By CCN.com: Bart Chilton is dead at only 58 years of age. He served in the CFTC between 2007 and 2014, initially selected by George W. Bush, but reaffirmed throughout the Obama era. Bitcoin had barely entered the collective consciousness when he left his post, but he had strong opinions on the subject.
Chilton was a founder of the ICO.
Chilton said in later years he wished to have invested in Bitcoin earlier. In 2017, he supported an ICO that tied its brands to the value of oil.
He recently wrote:
The crypto-anarchist will say the existing systems are on the way. They will perish. I think that's crazy. I'm in the camp, working within existing systems to make significant progress. The old adage, if you are not part of the solution, you are part of the problem.
Chilton was known for his criticism of high-frequency trading bots, which he believed to have created a dangerous market all. Immediately after leaving the Commodities and Futures Trading Commission, Chilton joined the Modern Markets Initiative, a high-frequency trading association.
Sad news for all of us @CFTC https://t.co/PdCHIHBf4t
̵1; Chris Giancarlo (@giancarloCFTC) April 28, 2019
Like Bitcoin his problem was less with the high-frequency trading itself than with the under-regulated behavior of the trades. Feeling he could positively influence the industry, he said:
"People will say, 'Wait a minute, you beat [stuff] these guys,' and me He did, but I never said they should go away. "
He felt that companies that had joined the Modern Markets Initiative had good intentions and explained his influence in helping them to work in ways they believed they could would lead to a healthier economy.
The move was no different than its support for OilCoin, which was scheduled to start in January 2018 but never did. The sign would function as a digital future for oil – its value is directly related to the price of a barrel of oil, and real reserves should be maintained to support trade.
The former CFTC commissioner said regulation would be good for crypto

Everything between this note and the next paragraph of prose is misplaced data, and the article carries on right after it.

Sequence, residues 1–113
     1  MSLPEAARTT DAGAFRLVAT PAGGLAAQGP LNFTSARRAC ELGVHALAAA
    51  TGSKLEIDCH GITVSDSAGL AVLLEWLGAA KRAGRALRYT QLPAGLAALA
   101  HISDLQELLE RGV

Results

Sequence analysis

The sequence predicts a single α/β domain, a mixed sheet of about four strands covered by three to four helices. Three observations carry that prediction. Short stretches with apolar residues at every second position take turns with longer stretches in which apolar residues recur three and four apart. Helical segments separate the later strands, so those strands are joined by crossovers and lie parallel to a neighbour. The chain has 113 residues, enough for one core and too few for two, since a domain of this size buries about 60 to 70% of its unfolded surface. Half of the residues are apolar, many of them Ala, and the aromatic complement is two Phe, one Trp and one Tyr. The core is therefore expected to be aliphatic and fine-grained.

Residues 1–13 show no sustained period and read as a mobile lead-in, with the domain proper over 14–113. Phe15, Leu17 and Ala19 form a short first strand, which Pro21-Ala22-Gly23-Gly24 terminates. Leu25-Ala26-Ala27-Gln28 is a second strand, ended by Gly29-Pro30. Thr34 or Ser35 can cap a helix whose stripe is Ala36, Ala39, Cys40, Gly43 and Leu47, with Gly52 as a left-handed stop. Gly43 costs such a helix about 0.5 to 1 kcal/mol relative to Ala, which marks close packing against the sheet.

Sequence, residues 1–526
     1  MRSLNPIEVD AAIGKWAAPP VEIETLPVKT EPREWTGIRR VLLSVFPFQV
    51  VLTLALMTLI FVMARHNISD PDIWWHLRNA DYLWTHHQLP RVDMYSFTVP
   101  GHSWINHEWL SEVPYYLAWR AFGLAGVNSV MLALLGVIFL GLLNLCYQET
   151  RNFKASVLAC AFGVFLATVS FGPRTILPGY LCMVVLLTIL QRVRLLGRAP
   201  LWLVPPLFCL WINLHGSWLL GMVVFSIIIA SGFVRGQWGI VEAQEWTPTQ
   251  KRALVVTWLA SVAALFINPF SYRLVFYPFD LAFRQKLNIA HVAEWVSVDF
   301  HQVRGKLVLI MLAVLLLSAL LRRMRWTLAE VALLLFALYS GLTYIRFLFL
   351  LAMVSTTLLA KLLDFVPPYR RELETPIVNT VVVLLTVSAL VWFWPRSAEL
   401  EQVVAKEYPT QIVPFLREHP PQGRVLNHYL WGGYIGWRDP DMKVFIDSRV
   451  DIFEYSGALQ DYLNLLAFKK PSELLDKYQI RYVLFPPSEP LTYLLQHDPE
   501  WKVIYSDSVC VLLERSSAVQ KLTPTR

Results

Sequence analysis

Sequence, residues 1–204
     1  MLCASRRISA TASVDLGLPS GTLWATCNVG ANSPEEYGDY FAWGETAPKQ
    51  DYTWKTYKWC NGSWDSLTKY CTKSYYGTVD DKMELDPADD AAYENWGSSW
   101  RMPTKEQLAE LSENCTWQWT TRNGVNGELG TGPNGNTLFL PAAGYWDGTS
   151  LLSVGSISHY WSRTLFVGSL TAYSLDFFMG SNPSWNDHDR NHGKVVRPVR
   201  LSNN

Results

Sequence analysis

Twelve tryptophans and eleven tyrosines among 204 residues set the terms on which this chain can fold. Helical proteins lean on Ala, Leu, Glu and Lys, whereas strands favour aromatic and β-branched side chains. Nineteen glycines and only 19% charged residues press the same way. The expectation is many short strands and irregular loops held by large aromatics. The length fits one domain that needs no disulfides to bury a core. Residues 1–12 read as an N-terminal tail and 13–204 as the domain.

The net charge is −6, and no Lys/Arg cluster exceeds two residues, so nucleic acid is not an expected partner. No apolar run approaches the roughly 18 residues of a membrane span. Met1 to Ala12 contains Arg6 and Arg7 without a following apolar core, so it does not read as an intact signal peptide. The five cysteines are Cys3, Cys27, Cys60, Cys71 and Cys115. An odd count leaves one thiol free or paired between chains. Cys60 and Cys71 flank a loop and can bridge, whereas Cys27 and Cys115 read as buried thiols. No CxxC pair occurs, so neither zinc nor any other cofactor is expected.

Earlier, Chilton had repeatedly called for a stronger regulation of cryptocurrencies. He believed that the law would stimulate a secure and significant boom in cryptocurrencies. His view is shared by many in the cryptocurrency industry, who have long felt that the lack of regulation leads to long-term existential problems and risks to consumers.
The continued proliferation of unregulated markets and gray markets is the main reason for The SEC has yet to approve a publicly traded Bitcoin fund. Regulators want to be sure that volume metrics are reliable. However, this is difficult if up to 95% of the total bitcoin volume is counterfeited.
At the same time, persistent security risks in crypto-sharing have resulted in billions of dollars worth of dollars per year. Well-crafted and well-executed rules can mitigate this, as Japanese regulators recently introduced on two exchanges to review their security policy. If the regulators have the technical expertise to ensure that the exchange properly manages custody, the ability to steal from the stock exchanges may be limited in the long term.
All these were the principles that made Bart Chilton a necessity for regulation. He kept an eye on the market and continued writing until his last days. Just last month he published an article about "Blockchain Dreamers".
& # 39; Blockchain Dreamers and the properties of bamboo & # 39; https://t.co/0Be8yFNpZj Bart may not have physically b
– Bart Chilton (@BartChilton) March 11, 2019